Monday, 4 February 2013

More banality on the middle-class

Another whizzy op-ed in the NYT linking together the middle class, the proto-middle class (now called the "virtual middle class") and of course that philosopher's stone - tech.  It's no longer a surprise that these types of pieces constantly come out, and are of course picked up and reflected into the echo chambers of concordant worldviews...but they do make for some interesting observations.

There is a growing tautology to these arguments around the middle class.  If you want "the rights, roads, electricity, uncorrupted police and good governance normally associated with rising middle classes", then you are labelled as part of the emerging middle class.  REALLY?  Do the poor (or the working class) not want such things either?  If wanting such rights is what makes you middle class, then isn't everyone middle class (except perhaps for the elites)?  And what use, then, is that label?

Am I the only one who finds the implied denial of such wants to the non-middle class as insulting, boorish & patronising?  It certainly shows that these commentators are completely disconnected from those who they would claim to help.  Is it really an exclusively middle class thing to "think and act...demanding human security and dignity and citizens' rights"?  Have the poor and dispossessed never wanted those?  Have these folks heard about the independence and civil rights movements, today's adivasi movements?  Did these not exist?  Or are they also to be celebrated as "middle class" movements (visions of lattes in Dantewada...)?

You might say, so what if there is this glomming together under one label?  Am I not just splitting semantic hairs?  Well, not quite.  To put them all together into a lumpenmiddleclasseriat is also the first step on a slippery slope of conflating all their interests as being a cohesive group.  To start the sly norm-shaping of blending their interests together.

And therein lies the fallacy.  The social, political & economic interests of all these people do not necessarily all coalesce.  In fact, in India (and many other places) many in this proto-middle class may well legitimately see those in the actual middle class as part of the historically privileged strata who have exploited them.  These people have experience - both historical, and more contemporary - of sustained and rising inequality first hand.  They may well be quite happy to mobilise their political weight to improve their positions at the expense of those in the traditional middle classes.  Clientelism can be a rational tactic when those who have been economically dominant for so long continue to really be motivated by their own interests, not by encompassing interests.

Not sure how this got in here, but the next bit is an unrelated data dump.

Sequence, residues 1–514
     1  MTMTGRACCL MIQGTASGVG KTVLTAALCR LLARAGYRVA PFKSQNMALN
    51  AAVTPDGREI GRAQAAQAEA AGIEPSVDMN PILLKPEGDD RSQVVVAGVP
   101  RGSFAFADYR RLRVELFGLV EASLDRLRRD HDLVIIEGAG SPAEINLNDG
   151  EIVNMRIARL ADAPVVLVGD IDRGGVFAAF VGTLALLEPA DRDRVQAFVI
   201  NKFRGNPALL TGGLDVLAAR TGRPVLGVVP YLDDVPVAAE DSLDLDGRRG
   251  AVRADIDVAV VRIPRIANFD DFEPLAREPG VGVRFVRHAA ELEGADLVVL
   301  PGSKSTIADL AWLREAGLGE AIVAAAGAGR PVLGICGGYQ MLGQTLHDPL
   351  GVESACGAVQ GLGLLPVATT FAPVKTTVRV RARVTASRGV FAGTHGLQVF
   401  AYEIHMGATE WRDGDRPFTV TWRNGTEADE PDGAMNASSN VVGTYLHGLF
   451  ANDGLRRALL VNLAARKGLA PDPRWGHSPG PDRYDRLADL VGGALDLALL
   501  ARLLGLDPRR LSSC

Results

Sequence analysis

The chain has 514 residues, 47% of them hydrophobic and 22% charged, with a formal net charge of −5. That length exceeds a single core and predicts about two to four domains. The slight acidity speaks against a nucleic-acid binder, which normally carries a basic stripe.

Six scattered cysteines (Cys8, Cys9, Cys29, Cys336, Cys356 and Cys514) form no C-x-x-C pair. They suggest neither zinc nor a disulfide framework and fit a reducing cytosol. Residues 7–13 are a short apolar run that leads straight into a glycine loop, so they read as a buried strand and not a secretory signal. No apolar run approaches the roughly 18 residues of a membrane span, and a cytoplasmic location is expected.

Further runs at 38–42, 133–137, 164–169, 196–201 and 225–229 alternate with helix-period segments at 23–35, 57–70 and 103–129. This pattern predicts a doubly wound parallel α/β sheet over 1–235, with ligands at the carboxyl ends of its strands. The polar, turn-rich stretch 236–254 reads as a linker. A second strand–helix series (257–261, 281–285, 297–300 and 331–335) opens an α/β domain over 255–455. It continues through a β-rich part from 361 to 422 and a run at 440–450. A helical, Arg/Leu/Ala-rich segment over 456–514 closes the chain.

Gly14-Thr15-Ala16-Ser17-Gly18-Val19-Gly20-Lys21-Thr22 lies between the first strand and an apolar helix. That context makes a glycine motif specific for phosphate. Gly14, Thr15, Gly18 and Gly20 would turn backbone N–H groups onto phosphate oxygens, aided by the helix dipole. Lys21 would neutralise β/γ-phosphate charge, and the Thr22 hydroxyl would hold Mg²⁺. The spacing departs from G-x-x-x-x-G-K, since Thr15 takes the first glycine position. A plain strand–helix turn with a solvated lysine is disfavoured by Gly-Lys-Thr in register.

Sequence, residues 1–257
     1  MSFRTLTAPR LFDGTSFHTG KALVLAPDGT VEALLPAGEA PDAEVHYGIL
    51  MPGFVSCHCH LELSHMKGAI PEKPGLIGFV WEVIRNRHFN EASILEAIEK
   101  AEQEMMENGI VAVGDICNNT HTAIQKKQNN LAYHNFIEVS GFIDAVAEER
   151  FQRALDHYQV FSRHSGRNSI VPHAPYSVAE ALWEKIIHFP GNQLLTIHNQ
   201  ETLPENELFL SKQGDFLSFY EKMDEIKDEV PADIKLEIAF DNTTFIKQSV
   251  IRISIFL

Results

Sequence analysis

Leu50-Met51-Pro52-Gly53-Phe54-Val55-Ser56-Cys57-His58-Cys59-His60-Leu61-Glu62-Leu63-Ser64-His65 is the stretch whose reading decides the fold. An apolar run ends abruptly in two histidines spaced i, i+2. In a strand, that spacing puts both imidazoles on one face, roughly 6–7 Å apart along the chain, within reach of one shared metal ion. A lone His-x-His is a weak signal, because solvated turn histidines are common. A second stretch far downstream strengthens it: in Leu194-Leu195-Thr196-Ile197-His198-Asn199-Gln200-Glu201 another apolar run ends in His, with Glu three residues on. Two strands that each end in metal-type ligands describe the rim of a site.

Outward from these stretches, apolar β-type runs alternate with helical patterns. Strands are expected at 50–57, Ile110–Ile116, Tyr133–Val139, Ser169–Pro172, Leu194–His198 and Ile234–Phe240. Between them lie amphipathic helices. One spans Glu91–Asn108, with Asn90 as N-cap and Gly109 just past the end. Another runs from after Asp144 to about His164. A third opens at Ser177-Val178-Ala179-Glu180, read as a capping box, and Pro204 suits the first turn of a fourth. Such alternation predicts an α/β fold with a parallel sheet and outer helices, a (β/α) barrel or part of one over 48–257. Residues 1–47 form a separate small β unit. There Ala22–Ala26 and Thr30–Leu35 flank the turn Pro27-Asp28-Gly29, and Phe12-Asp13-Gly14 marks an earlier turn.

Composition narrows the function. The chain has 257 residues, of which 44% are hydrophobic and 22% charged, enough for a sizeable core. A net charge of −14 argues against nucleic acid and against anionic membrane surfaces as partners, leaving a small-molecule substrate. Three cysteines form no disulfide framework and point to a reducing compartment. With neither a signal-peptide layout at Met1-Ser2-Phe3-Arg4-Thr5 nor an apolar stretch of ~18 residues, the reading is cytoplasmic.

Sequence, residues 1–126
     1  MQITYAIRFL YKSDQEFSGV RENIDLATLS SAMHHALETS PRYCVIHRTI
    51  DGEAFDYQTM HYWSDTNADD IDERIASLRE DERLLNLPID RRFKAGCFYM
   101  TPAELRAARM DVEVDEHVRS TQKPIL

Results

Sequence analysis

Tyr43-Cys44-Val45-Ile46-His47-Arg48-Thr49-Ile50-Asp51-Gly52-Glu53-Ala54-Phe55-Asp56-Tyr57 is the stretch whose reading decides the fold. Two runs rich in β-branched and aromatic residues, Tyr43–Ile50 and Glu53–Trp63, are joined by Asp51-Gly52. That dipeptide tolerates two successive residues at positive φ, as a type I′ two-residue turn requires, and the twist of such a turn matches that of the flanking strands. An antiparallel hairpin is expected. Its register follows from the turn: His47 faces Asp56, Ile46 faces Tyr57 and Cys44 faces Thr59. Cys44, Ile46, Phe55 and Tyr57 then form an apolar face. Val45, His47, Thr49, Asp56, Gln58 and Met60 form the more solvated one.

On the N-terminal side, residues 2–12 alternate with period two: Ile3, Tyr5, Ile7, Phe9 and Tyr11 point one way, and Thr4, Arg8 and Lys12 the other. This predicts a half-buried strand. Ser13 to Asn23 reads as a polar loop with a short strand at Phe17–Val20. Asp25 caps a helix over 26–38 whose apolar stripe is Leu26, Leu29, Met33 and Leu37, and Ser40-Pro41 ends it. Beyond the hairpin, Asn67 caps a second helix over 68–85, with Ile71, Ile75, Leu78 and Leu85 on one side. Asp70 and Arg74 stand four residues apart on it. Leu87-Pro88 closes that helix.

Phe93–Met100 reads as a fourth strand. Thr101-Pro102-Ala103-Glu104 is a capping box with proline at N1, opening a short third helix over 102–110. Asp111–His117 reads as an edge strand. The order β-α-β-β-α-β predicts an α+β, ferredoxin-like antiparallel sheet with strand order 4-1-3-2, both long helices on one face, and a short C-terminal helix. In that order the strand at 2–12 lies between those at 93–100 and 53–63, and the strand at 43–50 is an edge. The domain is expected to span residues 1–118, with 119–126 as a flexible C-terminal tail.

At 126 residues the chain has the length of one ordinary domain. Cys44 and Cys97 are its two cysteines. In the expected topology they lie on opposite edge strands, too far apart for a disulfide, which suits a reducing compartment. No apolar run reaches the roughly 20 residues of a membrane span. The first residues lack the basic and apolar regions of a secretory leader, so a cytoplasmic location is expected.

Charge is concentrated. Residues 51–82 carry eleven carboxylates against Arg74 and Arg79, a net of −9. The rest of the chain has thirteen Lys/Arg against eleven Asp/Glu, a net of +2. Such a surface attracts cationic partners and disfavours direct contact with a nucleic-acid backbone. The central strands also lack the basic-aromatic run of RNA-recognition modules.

If a nation is an imagined community, then frankly so is the idea of an automatically encompassing middle class.

I can't help but wonder whether these efforts to create a lumpenmiddleclasseriat is really a rhetorical attempt to smother these differences of interest.  Or perhaps more than just rhetoric - the deliberate glossing of a trope that is really aimed at slyly trying to change the scope of conflict.

Smothering shouldn't work - and hopefully won't.  There have to be real changes in social, political and economic calculus to make these proto-middle class vs middle class antagonisms diminish (ie, the scope of the conflict to change).  Changes in calculus that mean paths to lower inequality (or else a more equal sharing of the spoils).  Changes in calculus that the political entrepreneurs will be constantly testing, tweaking and jockeying to exploit.

And perhaps therein lies the interest among these folks who have done very well these past decades to try and pull people who have done much less well into the same broad "middle class / virtual middle class" tent .  At the expense of those who are even poorer off.  Which way will these "virtual middle classes" sway?  Perhaps it will depend upon how big the poorest classes (and their political mobilisation) is.  The machiavellian virtuoso political machines will be doing their sums - lets see where it plays out.

But in the meantime, enough of this NYT op-ed style nonsense.  At least don't deny the poorest the dignity of wanting dignity (last time I checked, that was a human condition, not a class-based one!)...

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